Over dinner one evening, I had an animated discussion with a group of wine-loving friends about which Bordeaux wines are overrated. None of us could agree on a producer; there was always at least one person in the group who loved a particular “overrated” estate. But when one of my friends suggested that Liber Pater is the most overrated wine in Bordeaux, it gave all of us pause. It’s surely the most expensive wine in the region–the question is whether the added expense is actually worthwhile for collectors, or if the wines are more hype than substance. Ultimately, the value of Liber Pater Bordeaux will depend on your own collection and goals. Before you invest in these bottles, consider whether the current Quality-Price Ratio (QPR) matters to you, or if you’d rather spend a little extra to stay loyal to Graves craftsmanship.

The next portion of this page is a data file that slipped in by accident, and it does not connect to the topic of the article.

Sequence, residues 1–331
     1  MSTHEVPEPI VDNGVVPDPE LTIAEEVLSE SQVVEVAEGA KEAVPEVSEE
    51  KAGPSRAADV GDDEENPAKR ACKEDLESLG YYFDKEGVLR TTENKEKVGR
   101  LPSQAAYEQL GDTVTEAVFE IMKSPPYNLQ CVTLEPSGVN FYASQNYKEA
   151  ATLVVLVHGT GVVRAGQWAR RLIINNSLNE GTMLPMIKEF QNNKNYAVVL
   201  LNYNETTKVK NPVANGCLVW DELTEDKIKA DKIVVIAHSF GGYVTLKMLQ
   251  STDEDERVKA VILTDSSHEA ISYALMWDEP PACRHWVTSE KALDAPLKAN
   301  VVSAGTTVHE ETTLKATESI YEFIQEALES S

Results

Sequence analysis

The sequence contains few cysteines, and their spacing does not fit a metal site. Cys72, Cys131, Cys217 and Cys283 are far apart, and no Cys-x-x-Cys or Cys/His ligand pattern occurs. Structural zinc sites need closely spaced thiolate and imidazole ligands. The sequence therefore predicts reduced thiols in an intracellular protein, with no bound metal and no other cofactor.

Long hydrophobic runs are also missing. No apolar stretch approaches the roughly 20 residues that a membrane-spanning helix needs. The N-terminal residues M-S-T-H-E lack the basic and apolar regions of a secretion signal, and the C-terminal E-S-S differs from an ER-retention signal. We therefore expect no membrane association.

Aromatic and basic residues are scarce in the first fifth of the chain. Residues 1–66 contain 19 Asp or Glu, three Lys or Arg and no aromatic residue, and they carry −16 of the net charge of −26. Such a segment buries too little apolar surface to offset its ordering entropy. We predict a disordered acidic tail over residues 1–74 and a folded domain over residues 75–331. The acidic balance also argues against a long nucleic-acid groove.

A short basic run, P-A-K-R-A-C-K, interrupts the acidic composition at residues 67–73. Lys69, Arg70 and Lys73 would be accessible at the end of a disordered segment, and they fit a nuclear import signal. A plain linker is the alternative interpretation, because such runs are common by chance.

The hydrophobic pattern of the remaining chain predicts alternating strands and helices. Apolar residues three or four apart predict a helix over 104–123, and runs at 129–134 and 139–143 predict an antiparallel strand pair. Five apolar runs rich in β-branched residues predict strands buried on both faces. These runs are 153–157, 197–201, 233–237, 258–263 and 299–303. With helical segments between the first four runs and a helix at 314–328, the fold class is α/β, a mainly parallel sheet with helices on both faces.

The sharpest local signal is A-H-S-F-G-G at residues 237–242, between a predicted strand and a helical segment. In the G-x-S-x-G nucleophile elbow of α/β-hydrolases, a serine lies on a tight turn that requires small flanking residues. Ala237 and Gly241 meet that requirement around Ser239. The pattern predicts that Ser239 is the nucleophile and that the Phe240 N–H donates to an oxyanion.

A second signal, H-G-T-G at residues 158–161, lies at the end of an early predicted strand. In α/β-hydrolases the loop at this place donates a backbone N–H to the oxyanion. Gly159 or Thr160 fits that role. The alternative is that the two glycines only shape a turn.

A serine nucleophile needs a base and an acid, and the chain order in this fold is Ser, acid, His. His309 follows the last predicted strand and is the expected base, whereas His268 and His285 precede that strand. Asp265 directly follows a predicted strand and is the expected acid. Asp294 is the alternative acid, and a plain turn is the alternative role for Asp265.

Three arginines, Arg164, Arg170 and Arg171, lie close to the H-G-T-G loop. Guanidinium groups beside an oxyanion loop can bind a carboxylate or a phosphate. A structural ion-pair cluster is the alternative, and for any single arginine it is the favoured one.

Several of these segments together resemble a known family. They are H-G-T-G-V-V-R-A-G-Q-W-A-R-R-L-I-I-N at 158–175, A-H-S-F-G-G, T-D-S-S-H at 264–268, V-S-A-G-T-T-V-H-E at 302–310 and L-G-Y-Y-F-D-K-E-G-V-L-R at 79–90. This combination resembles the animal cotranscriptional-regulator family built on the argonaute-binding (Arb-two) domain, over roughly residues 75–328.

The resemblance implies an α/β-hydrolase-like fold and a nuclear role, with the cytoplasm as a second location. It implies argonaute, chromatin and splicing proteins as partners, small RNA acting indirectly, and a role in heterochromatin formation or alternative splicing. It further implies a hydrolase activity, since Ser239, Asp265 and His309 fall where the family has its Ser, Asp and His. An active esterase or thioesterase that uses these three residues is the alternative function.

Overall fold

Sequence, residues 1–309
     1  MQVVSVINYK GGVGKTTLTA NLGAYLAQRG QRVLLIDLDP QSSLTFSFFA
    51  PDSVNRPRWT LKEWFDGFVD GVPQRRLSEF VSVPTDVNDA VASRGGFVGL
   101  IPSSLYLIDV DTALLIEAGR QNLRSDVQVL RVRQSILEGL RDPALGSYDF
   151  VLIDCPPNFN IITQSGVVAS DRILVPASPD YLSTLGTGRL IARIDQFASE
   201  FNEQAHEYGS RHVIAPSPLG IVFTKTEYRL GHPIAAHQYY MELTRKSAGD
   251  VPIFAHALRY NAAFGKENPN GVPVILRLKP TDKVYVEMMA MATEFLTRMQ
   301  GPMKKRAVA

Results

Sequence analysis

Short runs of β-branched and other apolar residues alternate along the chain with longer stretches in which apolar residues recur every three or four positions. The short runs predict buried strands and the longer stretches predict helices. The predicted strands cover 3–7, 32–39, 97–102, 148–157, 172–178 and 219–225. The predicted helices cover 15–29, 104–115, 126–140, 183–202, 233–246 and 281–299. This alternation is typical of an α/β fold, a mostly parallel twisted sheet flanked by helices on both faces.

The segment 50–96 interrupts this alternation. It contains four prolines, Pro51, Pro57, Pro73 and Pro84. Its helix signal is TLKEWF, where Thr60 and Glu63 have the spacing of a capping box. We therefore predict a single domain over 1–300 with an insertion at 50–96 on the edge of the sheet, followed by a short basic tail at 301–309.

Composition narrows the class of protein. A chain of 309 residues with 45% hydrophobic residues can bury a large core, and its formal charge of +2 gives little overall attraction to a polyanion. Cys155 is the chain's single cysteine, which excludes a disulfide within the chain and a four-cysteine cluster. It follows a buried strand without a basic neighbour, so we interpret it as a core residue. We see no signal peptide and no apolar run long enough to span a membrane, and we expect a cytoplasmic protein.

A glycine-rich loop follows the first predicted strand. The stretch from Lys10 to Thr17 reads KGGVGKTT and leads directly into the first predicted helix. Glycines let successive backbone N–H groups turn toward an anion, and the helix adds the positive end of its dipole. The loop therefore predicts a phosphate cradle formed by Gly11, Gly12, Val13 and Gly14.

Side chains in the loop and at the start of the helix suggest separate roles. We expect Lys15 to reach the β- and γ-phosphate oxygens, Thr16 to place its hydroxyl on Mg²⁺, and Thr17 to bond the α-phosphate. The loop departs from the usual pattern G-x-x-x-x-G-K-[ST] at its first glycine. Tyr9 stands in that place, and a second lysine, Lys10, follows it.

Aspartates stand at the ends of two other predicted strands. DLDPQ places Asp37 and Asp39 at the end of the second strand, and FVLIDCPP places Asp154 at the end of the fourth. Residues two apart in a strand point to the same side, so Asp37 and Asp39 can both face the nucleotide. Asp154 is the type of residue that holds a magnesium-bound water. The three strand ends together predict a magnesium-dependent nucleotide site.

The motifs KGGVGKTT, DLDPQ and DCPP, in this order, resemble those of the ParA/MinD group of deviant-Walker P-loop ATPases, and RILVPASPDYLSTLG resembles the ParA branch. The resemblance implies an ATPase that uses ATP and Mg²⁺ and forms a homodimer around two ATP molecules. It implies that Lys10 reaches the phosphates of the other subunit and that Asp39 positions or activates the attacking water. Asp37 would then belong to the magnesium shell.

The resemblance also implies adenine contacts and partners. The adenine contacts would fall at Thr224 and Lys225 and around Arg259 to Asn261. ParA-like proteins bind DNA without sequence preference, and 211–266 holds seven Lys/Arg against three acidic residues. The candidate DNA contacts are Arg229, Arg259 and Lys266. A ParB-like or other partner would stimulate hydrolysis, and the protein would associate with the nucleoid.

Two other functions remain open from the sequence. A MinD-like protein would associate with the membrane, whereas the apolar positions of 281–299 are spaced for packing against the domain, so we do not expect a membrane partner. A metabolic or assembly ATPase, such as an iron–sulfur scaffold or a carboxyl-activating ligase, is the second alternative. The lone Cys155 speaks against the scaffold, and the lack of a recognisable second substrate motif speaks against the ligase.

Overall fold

My accountant is a dedicated wine enthusiast, and he always gives his clients the same informal investment advice: young Bordeaux will almost always give you a better return on investment than the stock market. He has his own collection of luxury wine bottles, and within just five years of buying his first “investment case,” he’s already seen a 16 percent increase in his wine’s value. By comparison, the stock market only offered him a 7 percent average return each year.